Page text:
Alexander Payne has seven feature films under his belt. He has won two Academy Awards for Best Adapted Screenplay for “Sideways” and “The Descendants,” and the Nebraska-born filmmaker still spends most of his time at home in America’s heartland. Payne lives in downtown Omaha, which he hopes helps keep him grounded and provides the perfect balance to working in Hollywood.
Payne’s grandfather and father operated a successful downtown restaurant in Omaha for decades just one block away from his apartment. “My family had it for 50 years,” explains Payne. And it was in Omaha where he fell in love with cinema and started experimenting with making his own movies. Payne’s parents encouraged him to go to Stanford University, where he studied Spanish and History before following his true passion for filmmaking. After earning his MFA from UCLA’s film school in 1990, he felt it only natural to make movies in Nebraska. “I always wanted to see Nebraskans on film — let’s say ‘Midwesterners’ — as though the people I know here matter, to paraphrase Martin Scorsese,” Payne says.
Alexander Payne Isn’t Ostentatious
As for those Academy Award statuettes, Payne’s got them packed away. “I think they’re in a closet somewhere,” he admits. “I don’t have them on display currently.” That may seem like an odd choice, but Alexander Payne isn’t one to flaunt his achievements, and there are some practical considerations as well. “When I leave town, I want to hide them in case I’m burglarized,” he says. “I spent a large portion of the pandemic in Greece. And then, I forget to take them out again. I guess I actually should go find them.”
Payne admits that he doesn’t like to watch his own films, and he shares that his current top five favorite movies are: “Modern Times,” “Seven Samurai,” “The Wild Bunch,” the 1942 version of “To Be or Not to Be,” and “The Last Detail.” “Any other day, I would say other films, but that’s a pretty good five,” he says.
Payne has no problem sharing credit for his career success. “Of the seven features I’ve directed, five of them were co-written with Jim Taylor,” he says. “We’re lucky to be writing partners.”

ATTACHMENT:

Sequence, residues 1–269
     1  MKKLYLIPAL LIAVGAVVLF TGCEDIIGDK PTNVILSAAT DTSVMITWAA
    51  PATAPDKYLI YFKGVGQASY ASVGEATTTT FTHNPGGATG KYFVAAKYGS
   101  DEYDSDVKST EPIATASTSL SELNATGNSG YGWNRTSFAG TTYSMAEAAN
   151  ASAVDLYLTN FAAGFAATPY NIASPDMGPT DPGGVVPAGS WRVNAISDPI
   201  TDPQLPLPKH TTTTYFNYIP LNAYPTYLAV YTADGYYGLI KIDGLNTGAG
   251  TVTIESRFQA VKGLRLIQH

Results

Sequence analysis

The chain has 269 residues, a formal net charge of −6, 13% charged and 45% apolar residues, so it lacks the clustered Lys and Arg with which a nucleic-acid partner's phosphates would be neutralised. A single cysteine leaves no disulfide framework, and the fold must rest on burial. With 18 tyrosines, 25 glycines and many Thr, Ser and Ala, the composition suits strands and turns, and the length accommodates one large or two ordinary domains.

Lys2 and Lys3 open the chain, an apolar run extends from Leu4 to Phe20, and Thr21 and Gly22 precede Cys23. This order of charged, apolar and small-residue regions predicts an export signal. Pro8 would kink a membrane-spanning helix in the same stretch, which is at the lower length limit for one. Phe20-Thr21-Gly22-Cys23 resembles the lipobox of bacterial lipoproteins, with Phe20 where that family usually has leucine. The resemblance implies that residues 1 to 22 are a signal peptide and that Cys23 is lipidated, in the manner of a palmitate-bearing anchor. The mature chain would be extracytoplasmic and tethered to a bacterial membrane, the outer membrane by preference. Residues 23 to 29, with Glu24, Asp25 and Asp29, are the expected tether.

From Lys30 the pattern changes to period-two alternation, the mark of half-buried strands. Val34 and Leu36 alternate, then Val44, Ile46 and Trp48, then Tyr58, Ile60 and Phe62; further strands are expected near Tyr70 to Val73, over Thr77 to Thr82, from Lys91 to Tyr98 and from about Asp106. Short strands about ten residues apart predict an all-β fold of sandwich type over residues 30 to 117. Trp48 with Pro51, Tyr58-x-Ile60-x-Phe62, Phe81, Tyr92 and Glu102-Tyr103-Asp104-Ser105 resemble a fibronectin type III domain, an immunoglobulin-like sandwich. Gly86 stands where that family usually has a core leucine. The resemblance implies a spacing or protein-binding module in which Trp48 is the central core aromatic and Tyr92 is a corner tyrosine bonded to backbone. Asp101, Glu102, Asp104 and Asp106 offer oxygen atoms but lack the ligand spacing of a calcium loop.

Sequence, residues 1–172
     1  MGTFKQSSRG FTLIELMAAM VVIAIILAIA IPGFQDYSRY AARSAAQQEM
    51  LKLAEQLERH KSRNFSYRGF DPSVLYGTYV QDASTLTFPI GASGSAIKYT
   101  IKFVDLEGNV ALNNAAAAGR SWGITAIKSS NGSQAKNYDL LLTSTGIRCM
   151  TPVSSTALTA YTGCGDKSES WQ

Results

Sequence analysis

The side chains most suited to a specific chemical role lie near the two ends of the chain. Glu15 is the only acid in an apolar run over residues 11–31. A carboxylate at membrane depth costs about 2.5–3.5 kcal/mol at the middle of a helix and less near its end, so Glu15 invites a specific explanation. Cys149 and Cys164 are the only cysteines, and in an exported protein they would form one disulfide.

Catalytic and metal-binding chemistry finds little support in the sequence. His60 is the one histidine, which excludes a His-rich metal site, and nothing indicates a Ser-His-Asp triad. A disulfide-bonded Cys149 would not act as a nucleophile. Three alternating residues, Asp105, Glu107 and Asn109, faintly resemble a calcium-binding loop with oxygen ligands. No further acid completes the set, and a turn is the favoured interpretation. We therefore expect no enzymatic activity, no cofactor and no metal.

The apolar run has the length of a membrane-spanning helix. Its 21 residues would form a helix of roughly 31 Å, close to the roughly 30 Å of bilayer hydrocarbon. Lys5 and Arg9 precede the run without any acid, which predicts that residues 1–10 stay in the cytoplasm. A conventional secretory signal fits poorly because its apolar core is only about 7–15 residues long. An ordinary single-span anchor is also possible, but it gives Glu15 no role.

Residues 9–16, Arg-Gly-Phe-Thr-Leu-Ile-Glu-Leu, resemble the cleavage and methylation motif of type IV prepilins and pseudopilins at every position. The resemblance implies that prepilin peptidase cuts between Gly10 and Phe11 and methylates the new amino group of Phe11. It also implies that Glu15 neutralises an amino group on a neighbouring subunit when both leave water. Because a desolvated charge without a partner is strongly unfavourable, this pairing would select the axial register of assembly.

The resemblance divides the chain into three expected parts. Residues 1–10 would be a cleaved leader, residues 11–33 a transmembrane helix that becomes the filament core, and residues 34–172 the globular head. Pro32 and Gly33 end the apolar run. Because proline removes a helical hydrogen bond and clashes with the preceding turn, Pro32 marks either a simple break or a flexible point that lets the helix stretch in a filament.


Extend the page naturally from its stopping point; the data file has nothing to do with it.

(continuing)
He Genuinely Cares for the Cast and Crew
Even though he’s made it to an elite level of Hollywood fame, Payne believes it is essential to respect the job and the cast and crew working on a film project. “I never arrive late,” he says. “That’s the best piece of advice I can give anyone who wants a career in film, not necessarily as a director or writer, but any aspect of a film crew.” He also respects the crew’s opinions. “I was doing a commercial a couple of years ago with a legendary gaffer, and I really got to know him,” shares Payne.
He especially enjoys casting real-life people and building backstories for extras in his films. “He loves directing extras,” says Matt Damon, who starred in Payne’s sci-fi film “Downsizing.” “He watches extras. He’s got favorite performances by extras in movies. He’s obsessed with background and having it feel real, not like somebody who’s getting a hundred bucks to just walk from one side of the room to the other. He wants the person to have a whole story and to know why. So he sits, and he talks them through these little vignettes: ‘Arthur, would you mind holding, uh, Jennifer’s hand there? Maybe turn and look at her. Maybe you’re married. And what if you had a fight last night, but you both want to make up?’ So there’s all this real life happening behind the central acting. And it speaks to that gentlemanly quality he has. He just really wants to make sure that nobody feels left out and everybody feels valued, and that everybody’s enjoying the work, and that the work doesn’t have to be horrible and hard.”
Charity and Film Restoration
Giving back to the community and various charities is also vital to Payne. “Sure, I give money to some charities — that’s nothing special — but recently I’ve been talking to friends about how I want to start giving time as well as my energy,” explains Payne. “And then, some of my time I give to some film things, and I’m very involved in film preservation and restoration as well. And I think that qualifies a bit as philanthropy because that’s our heritage and our collective memory. I think film preservation and restoration are very, very important. But beyond that, I’ve been trying to think about what I could put time into.”